The Humming




Neighborhood: Manhattan

The other day I realized that the further away September 11th gets, the rawer I seem to get, and the less I want to talk about, be reminded of, or think about it. When people ask even the simplest questions about that day, I’m tempted to hand out copies of “Witnessing,” and then, like Forrest Gump, stare grimly ahead and state, “That’s all I have to say about that.”

But it’s not true. I have so much to say about it. While I have been trying not to think about it, and trying to avoid it, I think about it all the time, especially the people who died. I wonder about their lives, their families. And yet I won’t read “Portraits of Grief” in the New York Times. I subscribed to The Nation after September 11th, but won’t read it, or any other newspaper for that matter. I rarely watch the news. And it makes me angry with myself.

It was rumored last fall that we might be moving back into our offices in the World Financial Center, across the street from Ground Zero, as early as December. I requested that my employer place me at their other location in the city, but not at any outside the city, lest some further atrocity occur and I be cut off from my friends, support, home and even New York itself.

Now we have gotten confirmation: we’re returning May 20th.

I don’t want to go. Having once ventured down to the site (on the advice that it just might be good for me), I refused to go back, not even to prepare myself for the eventuality of working there again.

It all makes me very angry with myself.

* * * *

The day I did go back, less than two weeks after the attacks, a friend and I gazed at the spot where the second tower once stood. The southern-most end of the tower was still standing, and as I looked at it, I realized it was the frame of the first floor lobby; the lobby through which I had walked, so matter-of-factly, so many times.

I looked at the shapes of the frames of the now-shattered and empty windows, with wisps and waves of smoke snaking around them. The way those frames eventually tapered to a peak at the top appeared cathedral-like to me, and I was struck by how oddly beautiful the remains looked. I focused on that image, the cathedral, to blot out the heaps of twisted wreckage beyond the window frames. Then I closed my eyes. I shook my head to clear it.

When I opened my eyes again, I saw these tiny, puny, insignificant little figures moving painstakingly about, some wearing orange safety vests and white hardhats. These were full-grown men, picking their way around the foot of the enormous shell of what had once been merely the first floor lobby. The fact that there had been one-hundred-plus floors on top of that lobby made the magnitude of the loss and slaughter hit me hard in the stomach. My head reeled and I began to cry.

The scene brought me back to what I had felt on September 11th, the very second I looked out of that conference room window and saw a burning hole in the North Tower.

That day I had wanted to scream, “For God’s sake, somebody do something!” Yet I knew there was nothing anyone could do. I stood by, wretchedly powerless. The second plane hit. The towers fell, first one and then the other.

I wanted to keen and wail, with my voice lifting high enough and loud enough for the dead and dying to hear me. I did not want to leave them. I wanted to stay. I wanted to move toward the death and chaos, the smoke, the fire, the bodies and debris. I wanted to help somehow, to move, to act, and for Christ’s sake, to do something.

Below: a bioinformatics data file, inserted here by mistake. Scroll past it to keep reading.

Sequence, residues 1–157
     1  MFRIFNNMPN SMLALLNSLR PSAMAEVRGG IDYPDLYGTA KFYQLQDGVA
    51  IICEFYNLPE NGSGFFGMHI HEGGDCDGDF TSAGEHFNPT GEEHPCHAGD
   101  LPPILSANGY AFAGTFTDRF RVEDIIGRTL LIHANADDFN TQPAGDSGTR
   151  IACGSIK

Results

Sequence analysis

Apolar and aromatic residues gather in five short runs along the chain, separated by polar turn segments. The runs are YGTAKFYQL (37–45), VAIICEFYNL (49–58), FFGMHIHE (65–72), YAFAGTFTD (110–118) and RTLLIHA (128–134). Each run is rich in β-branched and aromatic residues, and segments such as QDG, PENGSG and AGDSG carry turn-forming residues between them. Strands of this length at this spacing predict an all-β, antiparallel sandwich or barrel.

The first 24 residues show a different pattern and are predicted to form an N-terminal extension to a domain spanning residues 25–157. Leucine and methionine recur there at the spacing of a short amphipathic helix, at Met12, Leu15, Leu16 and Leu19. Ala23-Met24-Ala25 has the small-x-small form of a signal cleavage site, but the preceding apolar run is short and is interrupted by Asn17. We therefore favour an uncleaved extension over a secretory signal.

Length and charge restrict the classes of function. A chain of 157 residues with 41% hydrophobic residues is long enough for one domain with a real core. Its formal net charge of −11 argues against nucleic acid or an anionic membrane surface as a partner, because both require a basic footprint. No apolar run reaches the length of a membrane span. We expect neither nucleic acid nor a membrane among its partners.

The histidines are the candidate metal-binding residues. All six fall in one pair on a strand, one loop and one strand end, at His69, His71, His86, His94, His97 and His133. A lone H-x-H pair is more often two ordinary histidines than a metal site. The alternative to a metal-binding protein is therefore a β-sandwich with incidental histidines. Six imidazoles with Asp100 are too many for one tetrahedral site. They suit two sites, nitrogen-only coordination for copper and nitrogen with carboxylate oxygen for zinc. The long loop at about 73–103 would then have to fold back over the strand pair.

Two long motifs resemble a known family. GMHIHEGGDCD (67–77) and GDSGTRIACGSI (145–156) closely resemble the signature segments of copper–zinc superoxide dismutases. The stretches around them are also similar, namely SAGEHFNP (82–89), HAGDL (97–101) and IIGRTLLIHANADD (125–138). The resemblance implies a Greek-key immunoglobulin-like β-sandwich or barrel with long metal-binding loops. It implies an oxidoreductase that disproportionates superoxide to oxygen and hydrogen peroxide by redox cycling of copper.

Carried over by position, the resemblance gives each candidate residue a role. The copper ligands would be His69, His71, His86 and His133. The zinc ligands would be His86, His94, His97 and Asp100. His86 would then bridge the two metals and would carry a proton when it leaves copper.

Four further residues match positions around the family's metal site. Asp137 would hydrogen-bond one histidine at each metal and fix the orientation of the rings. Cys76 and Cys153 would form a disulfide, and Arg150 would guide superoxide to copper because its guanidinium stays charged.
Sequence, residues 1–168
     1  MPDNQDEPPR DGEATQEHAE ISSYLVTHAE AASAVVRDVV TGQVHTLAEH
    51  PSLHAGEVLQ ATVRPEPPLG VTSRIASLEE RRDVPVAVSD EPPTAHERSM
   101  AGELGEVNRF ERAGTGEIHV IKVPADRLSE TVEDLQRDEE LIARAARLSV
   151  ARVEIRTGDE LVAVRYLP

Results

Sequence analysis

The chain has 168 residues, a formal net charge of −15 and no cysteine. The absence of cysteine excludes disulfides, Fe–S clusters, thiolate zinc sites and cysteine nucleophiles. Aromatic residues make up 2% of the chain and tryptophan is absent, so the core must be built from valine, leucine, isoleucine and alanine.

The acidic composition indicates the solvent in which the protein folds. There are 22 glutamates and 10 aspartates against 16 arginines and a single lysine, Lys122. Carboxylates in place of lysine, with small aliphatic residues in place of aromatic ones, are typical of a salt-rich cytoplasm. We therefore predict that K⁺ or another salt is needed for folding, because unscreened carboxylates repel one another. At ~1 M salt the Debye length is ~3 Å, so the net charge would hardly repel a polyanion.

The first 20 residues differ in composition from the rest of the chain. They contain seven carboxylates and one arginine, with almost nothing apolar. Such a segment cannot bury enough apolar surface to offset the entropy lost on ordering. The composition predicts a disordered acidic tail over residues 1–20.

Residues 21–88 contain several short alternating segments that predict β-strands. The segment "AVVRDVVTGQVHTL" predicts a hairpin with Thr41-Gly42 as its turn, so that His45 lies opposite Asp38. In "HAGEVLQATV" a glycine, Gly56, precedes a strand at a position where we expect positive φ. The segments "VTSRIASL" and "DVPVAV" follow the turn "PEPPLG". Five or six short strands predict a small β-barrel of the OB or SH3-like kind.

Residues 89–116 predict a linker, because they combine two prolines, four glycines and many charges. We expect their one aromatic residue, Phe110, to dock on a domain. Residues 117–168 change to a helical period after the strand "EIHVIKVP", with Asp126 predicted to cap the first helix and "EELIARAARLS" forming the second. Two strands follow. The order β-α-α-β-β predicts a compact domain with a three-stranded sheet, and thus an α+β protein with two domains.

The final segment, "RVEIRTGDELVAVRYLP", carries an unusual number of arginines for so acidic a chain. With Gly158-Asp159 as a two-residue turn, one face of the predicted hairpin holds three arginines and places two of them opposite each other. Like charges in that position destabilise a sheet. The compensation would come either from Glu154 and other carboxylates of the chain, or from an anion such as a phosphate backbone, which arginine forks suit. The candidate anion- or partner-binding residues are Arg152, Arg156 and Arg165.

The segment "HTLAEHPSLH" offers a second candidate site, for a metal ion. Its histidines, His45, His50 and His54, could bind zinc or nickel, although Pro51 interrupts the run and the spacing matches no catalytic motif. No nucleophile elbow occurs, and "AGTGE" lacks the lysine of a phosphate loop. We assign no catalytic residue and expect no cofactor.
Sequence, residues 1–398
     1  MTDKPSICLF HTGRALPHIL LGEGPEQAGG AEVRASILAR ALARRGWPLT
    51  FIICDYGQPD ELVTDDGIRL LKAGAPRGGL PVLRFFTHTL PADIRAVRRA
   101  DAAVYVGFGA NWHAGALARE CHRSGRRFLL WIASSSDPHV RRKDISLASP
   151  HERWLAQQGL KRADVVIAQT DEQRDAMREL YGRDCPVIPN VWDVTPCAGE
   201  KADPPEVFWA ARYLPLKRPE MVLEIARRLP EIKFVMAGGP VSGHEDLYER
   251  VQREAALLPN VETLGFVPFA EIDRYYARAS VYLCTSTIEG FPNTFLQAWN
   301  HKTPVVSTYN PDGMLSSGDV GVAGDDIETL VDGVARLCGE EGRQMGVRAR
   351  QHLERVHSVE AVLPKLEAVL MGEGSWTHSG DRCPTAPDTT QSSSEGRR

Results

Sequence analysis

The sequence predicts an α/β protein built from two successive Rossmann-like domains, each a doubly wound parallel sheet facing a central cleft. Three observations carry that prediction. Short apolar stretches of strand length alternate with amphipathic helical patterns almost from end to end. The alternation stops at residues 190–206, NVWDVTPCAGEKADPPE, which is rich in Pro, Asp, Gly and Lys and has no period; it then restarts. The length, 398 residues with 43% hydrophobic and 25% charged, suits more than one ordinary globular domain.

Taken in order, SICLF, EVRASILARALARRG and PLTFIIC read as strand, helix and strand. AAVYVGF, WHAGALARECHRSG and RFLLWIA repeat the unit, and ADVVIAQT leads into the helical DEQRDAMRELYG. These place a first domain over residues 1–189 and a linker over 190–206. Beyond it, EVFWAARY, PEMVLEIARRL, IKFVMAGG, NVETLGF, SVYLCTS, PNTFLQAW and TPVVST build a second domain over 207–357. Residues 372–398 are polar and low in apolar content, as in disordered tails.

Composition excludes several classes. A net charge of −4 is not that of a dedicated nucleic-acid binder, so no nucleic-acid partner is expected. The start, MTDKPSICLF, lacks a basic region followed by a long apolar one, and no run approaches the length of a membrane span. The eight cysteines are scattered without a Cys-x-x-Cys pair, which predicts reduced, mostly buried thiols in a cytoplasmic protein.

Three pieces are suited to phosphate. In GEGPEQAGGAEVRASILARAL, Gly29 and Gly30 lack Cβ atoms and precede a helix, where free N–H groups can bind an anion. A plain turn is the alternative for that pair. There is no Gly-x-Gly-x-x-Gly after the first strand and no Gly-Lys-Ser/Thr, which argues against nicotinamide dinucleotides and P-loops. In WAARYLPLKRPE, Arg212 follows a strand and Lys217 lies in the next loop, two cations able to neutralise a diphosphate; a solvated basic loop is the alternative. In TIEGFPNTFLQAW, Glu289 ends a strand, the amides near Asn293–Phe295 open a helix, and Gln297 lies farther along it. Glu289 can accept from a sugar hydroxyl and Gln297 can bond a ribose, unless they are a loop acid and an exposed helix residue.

Instead, I tamely let myself be led away, ever-obedient daughter and impotent worker bee, staring over my shoulder, sometimes walking backwards, drifting west to the river and then north, to fearfully and cowardly dodge the pissy fighter jets that came all too late, brave and flashing, panting, roaring, posturing, and on-the-scene-now-boy-oh-boy-Johnny-on-the-spot and too-goddamn-mother-fucking-LATE.

* * * *

A cavernous and whining drone comes from the skies above me and my bones, my guts, begin to hum with anxious recognition and anticipation. They hum sympathetically, like one stringed instrument’s vibrating response to another’s compelling and violent song.

The more thunderous the din, the greater the fusion and allegiance from within. I quickly turn my head, and with it my resonating body, to scan the sky above and around me. I duck my head slightly, and instinctively my shoulders rise. I strain hard to see. Sometimes I put my hands over my ears, trying to still the hum, but my head spins, and I relent. I lower my gaze, surrender my ears, my body, and breathe carefully. I feign calmness. I smile. I know my eyes are shining.

But there is a humming in me.

The ugly insanity of the plane’s shimmering intention is in me now. The deafening roar that I thought had seared me has, in reality, dissolved into my bones, my guts, and found a holding pattern there. I cannot let it out, or rather, I dare not let it out: I open my mouth, but no sound comes. Instead, barely breathing and with trepidation, I cradle it inside of me, lest I stir and irritate it. I embrace it, tenderly even, rather than let it leak out and spread its hideous poison. I can do this to help. I imprison it inside and will it to lie there: deadly, incandescent and venomous. It’s still humming, deep and penetrating.

“Shhhhh,” I whisper with closed eyes. I do this to help. “Shhhhh.” I whisper a lullaby rather than cry out. I can help in this way.

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